Las Vegas Mayor Carolyn Goodman on Wednesday issued an urgent plea to Gov. Steve Sisolak, requesting he significantly shorten a 30-day closure of nonessential businesses in order to protect workers and avoid a chilling effect on the state’s recovery for several years to come.
Goodman, taking the unusual step of speaking to the council from the public comment podium, warned of “untenable hardships” if employees who rely on the city’s tourist industry for income were not able to return to work sooner.
“I know we, and they, cannot survive any total shutdown of the economy for any length of time beyond the immediate week or two,” she said, pointing to the hospitality industry and mom-and-pop shops in particular. “Thus, my full efforts will be focused on keeping as many of our people as possible employed and asking the governor to shorten the projected shutdown.”
“Please, governor, we need to be able to live our lives, support our families and, yes, keep Nevada strong, but together,” she said later. “But we can’t do that if we are continuously housebound, unable to work for such a lengthy time period.”
Goodman, arguably the most prominent local elected official in the state, has also been by far the most resistant to drastic measures undertaken by states and cities across the country to slow the spread of COVID-19 amid a global pandemic.
On Monday, a day before Sisolak requested that casinos, bars, restaurants and other “nonessential” businesses shut down for a month, Reno Mayor Hillary Schieve offered the same direction to business in her city. At the time, Goodman said she hoped Sisolak would not issue a mandate, fearful of its “devastating” effect on workers and businesses.
The governor’s office did not respond to an email seeking comment for this story.
Goodman instead called for an eight- to 10-day period of closures, which she suggested after rattling off data about the novel coronavirus she attributed to the Centers for Disease Control and Prevention: an incubation period between two and 14 days; most contagious beginning a day before symptoms show; and transmissible until about eight days thereafter.
The mayor’s thinking did not account for data from the World Health Organization and other experts that shows 4 out of 5 infected people will have mild or no symptoms.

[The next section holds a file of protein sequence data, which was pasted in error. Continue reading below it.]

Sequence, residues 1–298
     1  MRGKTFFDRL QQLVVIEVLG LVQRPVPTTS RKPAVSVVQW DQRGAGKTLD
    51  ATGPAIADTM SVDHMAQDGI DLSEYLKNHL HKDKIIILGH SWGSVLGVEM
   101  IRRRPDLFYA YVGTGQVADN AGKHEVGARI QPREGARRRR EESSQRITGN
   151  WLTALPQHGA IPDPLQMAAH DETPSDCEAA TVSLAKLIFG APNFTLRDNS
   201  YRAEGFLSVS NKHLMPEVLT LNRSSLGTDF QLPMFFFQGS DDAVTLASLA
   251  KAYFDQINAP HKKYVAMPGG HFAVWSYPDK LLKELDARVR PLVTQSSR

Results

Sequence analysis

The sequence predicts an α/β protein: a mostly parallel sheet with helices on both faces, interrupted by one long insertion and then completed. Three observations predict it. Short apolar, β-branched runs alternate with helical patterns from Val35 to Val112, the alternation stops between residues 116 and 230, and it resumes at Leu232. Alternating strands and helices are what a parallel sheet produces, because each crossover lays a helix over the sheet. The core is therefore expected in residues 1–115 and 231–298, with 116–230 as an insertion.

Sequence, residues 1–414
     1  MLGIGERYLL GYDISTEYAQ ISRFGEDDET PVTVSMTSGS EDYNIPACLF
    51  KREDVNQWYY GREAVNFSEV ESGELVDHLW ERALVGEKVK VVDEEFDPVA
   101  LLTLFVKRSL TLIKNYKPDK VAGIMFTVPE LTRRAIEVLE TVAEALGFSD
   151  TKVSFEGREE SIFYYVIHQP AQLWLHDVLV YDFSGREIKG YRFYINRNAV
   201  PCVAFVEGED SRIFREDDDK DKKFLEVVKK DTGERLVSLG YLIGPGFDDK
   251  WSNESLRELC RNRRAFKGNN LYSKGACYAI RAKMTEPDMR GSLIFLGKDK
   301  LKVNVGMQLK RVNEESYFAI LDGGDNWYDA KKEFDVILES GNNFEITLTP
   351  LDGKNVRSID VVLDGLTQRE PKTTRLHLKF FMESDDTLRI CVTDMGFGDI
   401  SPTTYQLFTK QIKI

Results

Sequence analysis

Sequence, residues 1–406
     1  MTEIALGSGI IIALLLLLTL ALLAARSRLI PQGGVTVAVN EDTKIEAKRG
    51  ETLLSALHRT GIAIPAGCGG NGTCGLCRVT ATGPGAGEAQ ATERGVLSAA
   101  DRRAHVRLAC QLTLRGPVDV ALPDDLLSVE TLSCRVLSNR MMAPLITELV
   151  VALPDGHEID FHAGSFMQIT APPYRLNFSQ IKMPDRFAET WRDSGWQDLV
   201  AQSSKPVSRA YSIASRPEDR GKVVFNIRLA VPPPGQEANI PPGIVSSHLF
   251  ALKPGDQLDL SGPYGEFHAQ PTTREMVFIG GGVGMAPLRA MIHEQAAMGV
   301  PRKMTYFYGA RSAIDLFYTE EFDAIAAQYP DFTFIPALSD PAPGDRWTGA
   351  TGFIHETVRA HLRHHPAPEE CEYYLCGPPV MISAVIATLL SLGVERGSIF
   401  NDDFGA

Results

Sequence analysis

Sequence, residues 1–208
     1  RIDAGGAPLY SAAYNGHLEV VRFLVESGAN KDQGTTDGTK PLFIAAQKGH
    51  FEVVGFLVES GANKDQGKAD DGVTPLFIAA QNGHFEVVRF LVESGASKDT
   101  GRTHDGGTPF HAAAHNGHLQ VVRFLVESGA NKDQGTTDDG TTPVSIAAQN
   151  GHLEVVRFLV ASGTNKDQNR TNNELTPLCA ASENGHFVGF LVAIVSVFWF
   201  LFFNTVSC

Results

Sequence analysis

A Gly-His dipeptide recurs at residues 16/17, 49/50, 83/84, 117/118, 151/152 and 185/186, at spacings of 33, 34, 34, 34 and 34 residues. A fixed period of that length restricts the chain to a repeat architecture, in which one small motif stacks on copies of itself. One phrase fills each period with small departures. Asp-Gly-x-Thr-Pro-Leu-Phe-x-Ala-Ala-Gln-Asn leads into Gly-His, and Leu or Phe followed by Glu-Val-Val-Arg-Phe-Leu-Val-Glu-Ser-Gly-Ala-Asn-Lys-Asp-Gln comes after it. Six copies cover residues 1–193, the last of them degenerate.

“The Southern Nevada Health District is in support of the actions Governor Sisolak has taken to protect our community,” district spokeswoman Jennifer Sizemore said in an email when asked to verify the mayor’s comments.
Goodman agreed that people must self-isolate before and during the onset of the virus and until the contagious period was over, and she said the city has adhered to guidelines issued by the state prior to nonessential business closures: reducing public gathering places by 50 percent of capacity; people keeping 6 feet of distance from another; and isolating when appropriate.
Power to the people
But it has always been her intent for businesses to remain open even with the understanding that there may be certain restrictions. The issue ultimately whittles down to affording people the right to “make their own choices, create and follow their own destinies,” she said, and that includes earning a living and providing for their families.
She also underscored that in the past 20 years, diseases such as West Nile virus, SARS, bird flu, swine flu, Ebola virus and the ordinary flu have not spurred broad business shutdowns.
“And believe it or not we’re still here,” she said. “Any full-out shutdown will cripple the state’s recovery, not only for now but for several years to come.”
For Goodman, the focus is on Nevadans whose jobs depend on the tourist industry and the 42 million visitors to Las Vegas each year. She has continued to call for precaution, but not nearly to the extent that the governor has, even as she acknowledged that she was part of the vulnerable population most affected by the virus.
“As an example of the elderly, I am that person,” said Goodman, who last year completed chemotherapy for stage 2 breast cancer. “I’m 80 years old and, beyond that, have a compromised health system.”
Still, the mayor insisted, as she has said before, that she has “more energy than a pack of wolves” and “can get through this” with the support of the city and its residents.
But Sisolak, at a Tuesday news conference announcing the closures, said it was about saving people’s lives.
“I know there will be some who will disagree with my decision, some who will think this is an overreaction,” Sisolak said. “I want you to know I’ve spent countless hours working with medical experts, the White House, the CDC, labor and industry leaders, and I fully believe that this is an appropriate and informed reaction.”
He added later: “I ask you, what are you willing to do to save your own life and the lives of those you love? We absolutely must take this step for every Nevadan’s health and safety. Please, please take this seriously. Lives are at stake and each day passing this pandemic is growing.”